The Basics of Becoming a Health Information Technician
Are you investigating how to become a Health Information Technician and want to know more about the career? The primary responsibility of a Medical Records and Health Information Technician (also known as a medical coder) is to maintain patient medical records. It is critical that they protect the security of the medical records in all steps of the process and according to regulatory requirements.
Health Information Technicians gather patient’s health information, including treatments, test and examination results, retrieve medical records for physicians, assign appropriate codes for treatment, process patient discharges as well as plan, develop, maintain, or operate a variety of health record indexes.
According to the Bureau of Labor Statistics, a degree is not required, but some Medical Records and Health Information Technicians earn a post-secondary certificate or an associate degree before entering the job market. Types of programs include a Certificate in Medical Billing and Coding, an A.A.S. in Health Information Technology or an Associate Degree in Billing and Coding.
What Are Hurdles to Becoming A Health Information Technician?
As a Health Information Technician, you will be responsible for ensuring the quality of medical records, checking them for completeness, accuracy, and appropriate entry into computer systems, in different health care settings. The main hurdle for this position are the HIPAA, The Health Insurance Portability and Accountability Act, laws. This involves privacy and data security laws for everyone. The other issues are fear of a new position, do you feel comfortable with your responsibilities, do you understand how the system works? The way to overcome these concerns is to be sure you will have assistance in learning the process and procedures of your new position.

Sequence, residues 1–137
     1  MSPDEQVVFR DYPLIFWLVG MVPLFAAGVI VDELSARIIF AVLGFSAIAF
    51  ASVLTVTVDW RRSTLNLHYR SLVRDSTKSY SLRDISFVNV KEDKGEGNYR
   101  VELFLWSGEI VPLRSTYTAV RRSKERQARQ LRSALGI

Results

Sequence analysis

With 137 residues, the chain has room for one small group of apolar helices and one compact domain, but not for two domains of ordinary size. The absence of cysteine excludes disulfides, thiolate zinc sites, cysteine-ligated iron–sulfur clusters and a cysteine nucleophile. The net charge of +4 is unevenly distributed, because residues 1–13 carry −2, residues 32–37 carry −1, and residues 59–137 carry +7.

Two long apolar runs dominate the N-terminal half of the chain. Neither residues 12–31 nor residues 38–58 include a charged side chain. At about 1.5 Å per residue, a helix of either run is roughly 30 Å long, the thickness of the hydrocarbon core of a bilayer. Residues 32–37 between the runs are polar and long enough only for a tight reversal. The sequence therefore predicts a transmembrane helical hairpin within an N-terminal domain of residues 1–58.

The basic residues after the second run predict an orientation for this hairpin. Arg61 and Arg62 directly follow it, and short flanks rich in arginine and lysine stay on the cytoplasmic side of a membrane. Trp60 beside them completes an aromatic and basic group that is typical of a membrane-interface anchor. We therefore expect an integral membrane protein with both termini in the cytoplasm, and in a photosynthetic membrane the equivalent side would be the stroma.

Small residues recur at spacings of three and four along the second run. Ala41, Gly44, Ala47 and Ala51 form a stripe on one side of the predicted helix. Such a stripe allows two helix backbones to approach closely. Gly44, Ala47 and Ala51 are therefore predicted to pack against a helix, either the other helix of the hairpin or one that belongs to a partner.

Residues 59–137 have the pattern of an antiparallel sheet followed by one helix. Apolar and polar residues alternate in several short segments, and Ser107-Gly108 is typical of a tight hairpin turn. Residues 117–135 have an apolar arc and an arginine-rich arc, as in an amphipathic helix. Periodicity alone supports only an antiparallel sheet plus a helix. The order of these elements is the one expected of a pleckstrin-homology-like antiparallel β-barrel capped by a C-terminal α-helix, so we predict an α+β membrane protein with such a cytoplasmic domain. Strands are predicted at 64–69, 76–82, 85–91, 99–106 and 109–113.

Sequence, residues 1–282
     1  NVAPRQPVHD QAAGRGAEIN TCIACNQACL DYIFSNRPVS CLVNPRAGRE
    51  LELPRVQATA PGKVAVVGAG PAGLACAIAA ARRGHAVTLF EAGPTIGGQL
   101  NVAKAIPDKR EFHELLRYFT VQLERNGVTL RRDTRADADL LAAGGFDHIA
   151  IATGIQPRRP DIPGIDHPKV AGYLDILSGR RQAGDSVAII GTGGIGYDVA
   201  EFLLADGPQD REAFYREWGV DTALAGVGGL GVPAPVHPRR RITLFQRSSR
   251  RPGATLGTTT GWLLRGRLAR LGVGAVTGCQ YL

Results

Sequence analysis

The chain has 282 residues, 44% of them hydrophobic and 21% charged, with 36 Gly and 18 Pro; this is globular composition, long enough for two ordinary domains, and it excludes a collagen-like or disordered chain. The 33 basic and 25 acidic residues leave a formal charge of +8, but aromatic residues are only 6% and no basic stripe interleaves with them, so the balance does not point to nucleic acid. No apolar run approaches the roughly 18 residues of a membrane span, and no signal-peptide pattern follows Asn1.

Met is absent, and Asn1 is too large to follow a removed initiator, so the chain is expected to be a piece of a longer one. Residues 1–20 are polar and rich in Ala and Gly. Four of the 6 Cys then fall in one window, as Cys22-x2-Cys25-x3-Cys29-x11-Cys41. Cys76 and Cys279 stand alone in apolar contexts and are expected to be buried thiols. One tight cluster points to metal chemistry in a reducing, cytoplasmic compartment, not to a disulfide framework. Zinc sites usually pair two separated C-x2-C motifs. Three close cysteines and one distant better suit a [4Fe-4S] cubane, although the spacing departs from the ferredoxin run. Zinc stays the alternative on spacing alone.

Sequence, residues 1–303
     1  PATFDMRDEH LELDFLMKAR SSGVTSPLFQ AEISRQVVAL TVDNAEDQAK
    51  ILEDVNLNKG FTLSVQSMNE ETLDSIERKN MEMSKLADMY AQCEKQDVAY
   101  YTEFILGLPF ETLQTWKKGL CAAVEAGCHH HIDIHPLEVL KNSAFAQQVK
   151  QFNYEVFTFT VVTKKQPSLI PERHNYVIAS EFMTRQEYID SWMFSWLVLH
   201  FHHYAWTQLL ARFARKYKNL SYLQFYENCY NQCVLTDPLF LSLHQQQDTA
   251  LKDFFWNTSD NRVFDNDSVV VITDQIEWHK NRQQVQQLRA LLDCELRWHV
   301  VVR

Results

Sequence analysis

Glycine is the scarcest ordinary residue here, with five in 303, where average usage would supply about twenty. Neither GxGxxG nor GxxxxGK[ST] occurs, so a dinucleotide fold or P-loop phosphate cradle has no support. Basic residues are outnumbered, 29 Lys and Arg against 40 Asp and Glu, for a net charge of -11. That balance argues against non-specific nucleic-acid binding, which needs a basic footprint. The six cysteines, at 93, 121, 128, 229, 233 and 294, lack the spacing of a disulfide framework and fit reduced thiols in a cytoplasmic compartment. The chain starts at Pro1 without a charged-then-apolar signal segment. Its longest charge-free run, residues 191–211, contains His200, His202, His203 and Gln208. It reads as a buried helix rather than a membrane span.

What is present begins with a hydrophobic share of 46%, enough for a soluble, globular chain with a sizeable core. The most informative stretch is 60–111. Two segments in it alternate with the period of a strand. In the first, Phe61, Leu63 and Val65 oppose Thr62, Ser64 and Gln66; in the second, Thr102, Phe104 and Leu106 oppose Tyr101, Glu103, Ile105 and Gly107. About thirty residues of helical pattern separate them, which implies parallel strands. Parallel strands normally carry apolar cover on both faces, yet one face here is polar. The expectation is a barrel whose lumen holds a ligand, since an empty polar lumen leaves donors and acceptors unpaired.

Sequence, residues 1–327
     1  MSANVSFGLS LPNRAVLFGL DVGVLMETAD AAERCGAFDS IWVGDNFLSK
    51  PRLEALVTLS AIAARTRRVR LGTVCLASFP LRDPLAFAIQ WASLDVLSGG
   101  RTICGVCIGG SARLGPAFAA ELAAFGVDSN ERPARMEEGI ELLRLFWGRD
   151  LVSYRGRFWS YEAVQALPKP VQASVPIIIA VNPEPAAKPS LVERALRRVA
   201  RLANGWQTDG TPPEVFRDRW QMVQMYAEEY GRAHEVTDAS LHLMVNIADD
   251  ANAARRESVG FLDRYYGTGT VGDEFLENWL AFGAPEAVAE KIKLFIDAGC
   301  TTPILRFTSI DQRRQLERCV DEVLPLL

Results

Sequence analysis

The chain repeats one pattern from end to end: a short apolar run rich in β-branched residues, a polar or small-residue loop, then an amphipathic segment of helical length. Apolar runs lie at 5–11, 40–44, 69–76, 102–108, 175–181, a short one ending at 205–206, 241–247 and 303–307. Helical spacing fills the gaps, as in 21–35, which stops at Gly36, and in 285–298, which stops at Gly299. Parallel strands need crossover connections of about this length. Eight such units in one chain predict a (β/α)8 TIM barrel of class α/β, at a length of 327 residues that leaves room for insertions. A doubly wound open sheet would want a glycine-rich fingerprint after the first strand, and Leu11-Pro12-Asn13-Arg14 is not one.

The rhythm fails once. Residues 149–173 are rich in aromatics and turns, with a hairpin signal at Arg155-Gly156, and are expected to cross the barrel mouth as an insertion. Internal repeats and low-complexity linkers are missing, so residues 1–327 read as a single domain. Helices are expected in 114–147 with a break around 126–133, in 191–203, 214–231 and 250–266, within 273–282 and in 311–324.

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- Adria Gross,CEO and founder of MedWise Insurance Advocacy
Health Information Technician Salary Potential
- Lowest 10th%
- Highest 90th%
States with the Highest Employment Levels
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How Do Your Skills Stack Up?
As reported by O*NET, these types of tasks are conducted every day in this role – would you feel comfortable performing these tasks as part of the day to day life of a Health Information Technician?
What Will You Learn with an A.A.S. in Medical Coding and Billing?
An associate degree in medical coding and billing will likely cover course work such as:
- Medical Terminology
- Reimbursement Methods
- Electronic Health Records
- Billing Cycles
- Medical Office Administration
Associate in medical coding and billing degrees are typically designed to help prepare students with knowledge and technical know-how to pursue a career processing claims and billing charges in healthcare settings. In addition to general education requirements, course work may focus on topics including insurance processing; working with medical records; scheduling appointments; transcribing; and billing and coding. Students typically take part in a practical professional experience component to help provide them with real-world experience—and this type of program may serve as a stepping stone for graduates who intend to take the AAPC Certified Professional Coder Exam.
What is Health Information Technology?
According to HealthIT.gov, the term Health Information Technology refers to the electronic systems healthcare professionals use to store, share, and analyze health information. Why is it important?
- Faster, more accurate prescriptions
- Rapid information sharing
- Reduced paperwork
- Reduced unnecessary tests
- Better follow-up, better follow-through
- Secure access to information
FAQs About How to Become a Health Information / Medical Records Technician
What is the average Health Information Technician salary?
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What job titles are similar to or the same as a Health Information Technician?
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What are common types of software I would have to learn as a Medical Records or Health Information Technician?